Editorials

Current Hypertension Control Is Just Not Good Enough

Am Fam Physician. 1998 Oct 15;58(6):1292-1296.

  Related Article

Dramatic decreases in hypertension-related mortality from strokes and heart attacks have occurred in the 25 years since the National High Blood Pressure Education Program (NHBPEP) began: a 59.0 percent reduction for stroke mortality and a 53.2 percent reduction for coronary heart disease (CHD) mortality. These decreases resulted from a concerted effort to encourage physicians to conduct blood pressure screening in their patients and treat hypertension and to inform the general population about the importance of knowing their own blood pressure values and seeking treatment for hypertension.

Among educational methods used by NHBPEP are periodic guidelines from the Joint National Committee (JNC) on Prevention, Detection, Evaluation and Treatment of High Blood Pressure. The Sixth Report of the JNC (JNC-VI) has recently been published1; it details some unsettling trends, as discussed in the article by Kaplan.2 The first trend can be found in U.S. death rates for strokes and CHD from 1972 to 1994. The stroke curve is practically level, and the rate of decline of the age-adjusted mortality rates from CHD has slowed. Also, the incidence of end-stage renal disease related to hypertension continues to increase (Figure 1), as does the prevalence of CHD (Figure 2).

FIGURE 1.

Incidence rates of reported hypertensive end-stage renal disease therapy, 1978–1995.

View Large


FIGURE 1.

Incidence rates of reported hypertensive end-stage renal disease therapy, 1978–1995.


FIGURE 1.

Incidence rates of reported hypertensive end-stage renal disease therapy, 1978–1995.

FIGURE 2.

Prevalance of heart failure by age, 1976 to 1980 and 1988 to 1991.

View Large


FIGURE 2.

Prevalance of heart failure by age, 1976 to 1980 and 1988 to 1991.


FIGURE 2.

Prevalance of heart failure by age, 1976 to 1980 and 1988 to 1991.

Finally, findings from the recent Third National Health and Nutrition Examination Survey (NHANES III, phase 2)1  show that awareness, treatment rates and control of hypertension are lower than expected from previous trends (Table 1). In addition, recent reports show that blood pressure control had deteriorated in patients in a Minnesota survey3 and in a cohort of elderly persons in Iowa.4 These various trends, although unexplained, suggest that physicians should be more vigilant in controlling hypertension.

TABLE 1

Trends in the Awareness, Treatment and Control of High Blood Pressure in Adults, United States, 1976–1994

NHANES II (1976–1980)* NHANES III, phase 1 (1988–1991)* NHANES III, phase 2 (1991–1994)*

Awareness

51

73

68

Treatment

31

55

53

Control†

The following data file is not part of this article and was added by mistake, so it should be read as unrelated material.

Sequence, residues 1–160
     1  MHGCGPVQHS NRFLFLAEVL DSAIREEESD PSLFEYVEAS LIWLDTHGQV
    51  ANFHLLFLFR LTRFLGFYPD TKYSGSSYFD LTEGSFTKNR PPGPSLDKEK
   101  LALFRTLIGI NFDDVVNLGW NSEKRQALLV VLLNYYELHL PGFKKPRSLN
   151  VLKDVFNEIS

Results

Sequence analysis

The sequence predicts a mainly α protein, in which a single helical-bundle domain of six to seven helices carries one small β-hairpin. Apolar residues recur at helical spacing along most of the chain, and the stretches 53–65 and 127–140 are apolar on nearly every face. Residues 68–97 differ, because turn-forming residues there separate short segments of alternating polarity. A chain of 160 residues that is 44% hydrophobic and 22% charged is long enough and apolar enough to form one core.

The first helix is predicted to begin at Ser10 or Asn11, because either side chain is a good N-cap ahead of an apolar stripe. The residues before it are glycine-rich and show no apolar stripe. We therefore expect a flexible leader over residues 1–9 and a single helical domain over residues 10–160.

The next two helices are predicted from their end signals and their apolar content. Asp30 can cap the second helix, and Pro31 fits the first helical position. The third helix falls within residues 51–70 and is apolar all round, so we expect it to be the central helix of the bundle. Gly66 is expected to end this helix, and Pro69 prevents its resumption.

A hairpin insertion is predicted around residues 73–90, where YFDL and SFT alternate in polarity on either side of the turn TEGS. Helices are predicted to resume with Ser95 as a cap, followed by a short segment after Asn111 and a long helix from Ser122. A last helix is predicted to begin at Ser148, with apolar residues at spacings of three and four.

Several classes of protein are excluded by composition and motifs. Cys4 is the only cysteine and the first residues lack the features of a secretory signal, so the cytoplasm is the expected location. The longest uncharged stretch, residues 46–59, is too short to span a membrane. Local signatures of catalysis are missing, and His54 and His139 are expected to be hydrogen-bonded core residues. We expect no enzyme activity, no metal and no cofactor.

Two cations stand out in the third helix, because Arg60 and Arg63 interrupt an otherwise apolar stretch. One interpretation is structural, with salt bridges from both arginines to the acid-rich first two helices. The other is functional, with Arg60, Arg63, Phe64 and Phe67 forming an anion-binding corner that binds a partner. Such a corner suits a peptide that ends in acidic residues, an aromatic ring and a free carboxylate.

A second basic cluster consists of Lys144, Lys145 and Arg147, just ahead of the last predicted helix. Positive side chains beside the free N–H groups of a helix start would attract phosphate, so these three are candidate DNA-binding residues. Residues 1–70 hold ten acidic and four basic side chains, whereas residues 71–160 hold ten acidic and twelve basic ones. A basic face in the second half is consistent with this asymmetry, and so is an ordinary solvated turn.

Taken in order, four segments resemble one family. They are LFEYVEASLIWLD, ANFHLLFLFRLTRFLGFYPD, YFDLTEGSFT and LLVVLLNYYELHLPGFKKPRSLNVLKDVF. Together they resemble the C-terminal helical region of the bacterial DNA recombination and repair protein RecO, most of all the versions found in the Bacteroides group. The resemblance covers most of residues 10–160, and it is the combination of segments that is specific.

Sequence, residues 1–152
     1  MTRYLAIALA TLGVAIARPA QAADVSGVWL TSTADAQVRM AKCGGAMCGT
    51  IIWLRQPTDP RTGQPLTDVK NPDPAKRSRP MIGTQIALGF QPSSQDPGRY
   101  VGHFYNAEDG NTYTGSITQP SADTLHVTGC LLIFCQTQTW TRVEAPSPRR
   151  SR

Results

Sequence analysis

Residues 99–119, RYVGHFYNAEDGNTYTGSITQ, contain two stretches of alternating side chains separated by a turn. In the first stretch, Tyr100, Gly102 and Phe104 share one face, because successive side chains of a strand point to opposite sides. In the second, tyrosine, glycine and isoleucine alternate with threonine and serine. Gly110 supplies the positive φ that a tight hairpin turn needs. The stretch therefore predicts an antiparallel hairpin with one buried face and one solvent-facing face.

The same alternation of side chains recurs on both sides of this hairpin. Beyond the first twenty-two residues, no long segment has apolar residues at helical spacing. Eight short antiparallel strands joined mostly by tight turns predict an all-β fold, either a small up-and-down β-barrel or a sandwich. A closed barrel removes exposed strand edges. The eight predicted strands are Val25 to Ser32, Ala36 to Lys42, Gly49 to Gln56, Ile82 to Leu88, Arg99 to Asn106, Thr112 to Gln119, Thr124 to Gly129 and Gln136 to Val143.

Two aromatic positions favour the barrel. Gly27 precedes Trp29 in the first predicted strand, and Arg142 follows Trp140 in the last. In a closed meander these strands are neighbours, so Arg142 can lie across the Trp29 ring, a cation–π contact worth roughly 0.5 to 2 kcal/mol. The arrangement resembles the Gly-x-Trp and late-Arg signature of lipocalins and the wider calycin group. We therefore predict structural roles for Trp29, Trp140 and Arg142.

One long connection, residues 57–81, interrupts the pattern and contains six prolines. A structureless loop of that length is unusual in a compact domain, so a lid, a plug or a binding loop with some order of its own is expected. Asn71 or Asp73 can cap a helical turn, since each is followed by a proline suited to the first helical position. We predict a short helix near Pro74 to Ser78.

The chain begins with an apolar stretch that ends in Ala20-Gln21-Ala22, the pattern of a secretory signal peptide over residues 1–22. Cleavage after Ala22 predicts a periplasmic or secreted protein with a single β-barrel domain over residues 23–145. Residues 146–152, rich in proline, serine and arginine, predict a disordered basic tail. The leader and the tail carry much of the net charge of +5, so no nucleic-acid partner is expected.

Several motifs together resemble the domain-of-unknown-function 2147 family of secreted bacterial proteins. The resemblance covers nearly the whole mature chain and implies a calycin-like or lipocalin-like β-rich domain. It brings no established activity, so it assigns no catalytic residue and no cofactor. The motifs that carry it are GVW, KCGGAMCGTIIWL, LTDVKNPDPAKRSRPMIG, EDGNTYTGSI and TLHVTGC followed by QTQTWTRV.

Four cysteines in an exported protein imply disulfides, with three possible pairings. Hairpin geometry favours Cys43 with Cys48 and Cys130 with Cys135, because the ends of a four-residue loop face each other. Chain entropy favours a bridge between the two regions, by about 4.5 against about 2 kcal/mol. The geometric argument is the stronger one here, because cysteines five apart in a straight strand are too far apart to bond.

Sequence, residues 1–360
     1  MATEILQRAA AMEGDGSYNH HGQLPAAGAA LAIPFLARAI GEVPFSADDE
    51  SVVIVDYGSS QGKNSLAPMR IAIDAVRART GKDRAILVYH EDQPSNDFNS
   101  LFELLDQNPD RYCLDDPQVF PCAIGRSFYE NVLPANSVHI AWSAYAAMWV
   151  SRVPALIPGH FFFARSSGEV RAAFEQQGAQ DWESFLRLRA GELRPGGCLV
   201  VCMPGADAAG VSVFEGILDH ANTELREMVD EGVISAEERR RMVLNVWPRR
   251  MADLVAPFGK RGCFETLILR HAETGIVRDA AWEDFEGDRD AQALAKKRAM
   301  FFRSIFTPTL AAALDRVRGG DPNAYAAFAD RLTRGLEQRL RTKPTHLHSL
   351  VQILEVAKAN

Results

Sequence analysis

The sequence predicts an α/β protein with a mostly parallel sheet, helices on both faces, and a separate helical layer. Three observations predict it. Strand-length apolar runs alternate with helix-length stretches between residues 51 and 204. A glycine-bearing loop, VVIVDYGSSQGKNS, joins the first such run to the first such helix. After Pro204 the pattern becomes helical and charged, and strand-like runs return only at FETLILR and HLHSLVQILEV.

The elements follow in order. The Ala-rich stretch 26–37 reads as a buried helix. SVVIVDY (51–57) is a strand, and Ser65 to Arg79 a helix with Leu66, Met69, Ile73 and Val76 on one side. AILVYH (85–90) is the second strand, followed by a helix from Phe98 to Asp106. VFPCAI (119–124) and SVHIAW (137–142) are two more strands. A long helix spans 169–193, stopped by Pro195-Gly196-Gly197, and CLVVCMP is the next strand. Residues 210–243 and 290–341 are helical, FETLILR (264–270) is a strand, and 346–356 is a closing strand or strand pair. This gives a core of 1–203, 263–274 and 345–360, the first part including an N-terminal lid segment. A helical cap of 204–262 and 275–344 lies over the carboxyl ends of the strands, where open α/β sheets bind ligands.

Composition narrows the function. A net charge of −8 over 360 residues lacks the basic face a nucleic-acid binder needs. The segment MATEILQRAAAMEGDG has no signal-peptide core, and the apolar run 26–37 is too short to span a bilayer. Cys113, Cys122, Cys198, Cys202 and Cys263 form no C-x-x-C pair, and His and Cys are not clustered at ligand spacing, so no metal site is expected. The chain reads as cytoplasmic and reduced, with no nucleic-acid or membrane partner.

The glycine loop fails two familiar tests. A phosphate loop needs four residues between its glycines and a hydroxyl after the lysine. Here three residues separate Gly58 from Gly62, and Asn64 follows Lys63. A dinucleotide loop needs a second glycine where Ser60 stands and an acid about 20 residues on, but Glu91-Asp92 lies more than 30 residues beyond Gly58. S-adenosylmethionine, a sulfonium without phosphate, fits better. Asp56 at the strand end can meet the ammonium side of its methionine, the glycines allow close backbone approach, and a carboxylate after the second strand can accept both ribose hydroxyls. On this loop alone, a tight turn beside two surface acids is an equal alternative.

10

29

27


NHANES = National Health and Nutrition Examination Survey.

*—Data are percentage of adults aged 18 to 74 years with systolic blood pressure 140 mm Hg or greater, diastolic blood pressure 90 mm Hg or greater, or taking anti-hypertensive medication.

†—Systolic blood pressure less than 140 mm Hg and diastolic blood pressure less than 90 mm Hg.

Used with permission from the Sixth Report of the Joint National Committee on Prevention, Detection, Evaluation, and Treatment of High Blood Pressure. Arch Intern Med 1997;157:2413–46.

TABLE 1   Trends in the Awareness, Treatment and Control of High Blood Pressure in Adults, United States, 1976–1994

View Table

TABLE 1

Trends in the Awareness, Treatment and Control of High Blood Pressure in Adults, United States, 1976–1994

NHANES II (1976–1980)* NHANES III, phase 1 (1988–1991)* NHANES III, phase 2 (1991–1994)*

Awareness

51

73

68

Treatment

31

55

53

Control†

10

29

27


NHANES = National Health and Nutrition Examination Survey.

*—Data are percentage of adults aged 18 to 74 years with systolic blood pressure 140 mm Hg or greater, diastolic blood pressure 90 mm Hg or greater, or taking anti-hypertensive medication.

†—Systolic blood pressure less than 140 mm Hg and diastolic blood pressure less than 90 mm Hg.

Used with permission from the Sixth Report of the Joint National Committee on Prevention, Detection, Evaluation, and Treatment of High Blood Pressure. Arch Intern Med 1997;157:2413–46.

The goal for the treatment of hypertension is a blood pressure level of less than 140/90 mm Hg or as low as tolerated.1 The latter goal is important for patients with renal disease and hypertension because a reduction in blood pressure to 130/85 mm Hg or lower (125/75 mm Hg) in those who also have proteinuria (defined as over 1 g per 24 hours) is recommended to slow the progressive decline in the glomerular filtration rate.5 That hypertension itself without preexisting renal disease is a risk factor for end-stage renal disease was found in the long-term follow-up of several thousand men who were screened for the Multiple Risk Factor Intervention Trial6; this was particularly true among African Americans.

Another group deserving heightened attention is elderly persons, because they have a higher incidence of hypertension. For example, NHANES III7 found that the prevalence of hypertension was 60 percent in non-Hispanic whites, 71 percent in African Americans and 61 percent in Mexican Americans 60 years of age or older. Not only is the prevalence of hypertension among elderly persons an important consideration, but the number of elderly persons with hypertension is also important. These numbers have increased greatly, and increases will continue. By 2030, the number of U.S. citizens 65 years of age or older is expected to be 70 million—up from 33 million in 1994.8 Thus, unless hypertension can be prevented, millions of additional people will need treatment for high blood pressure.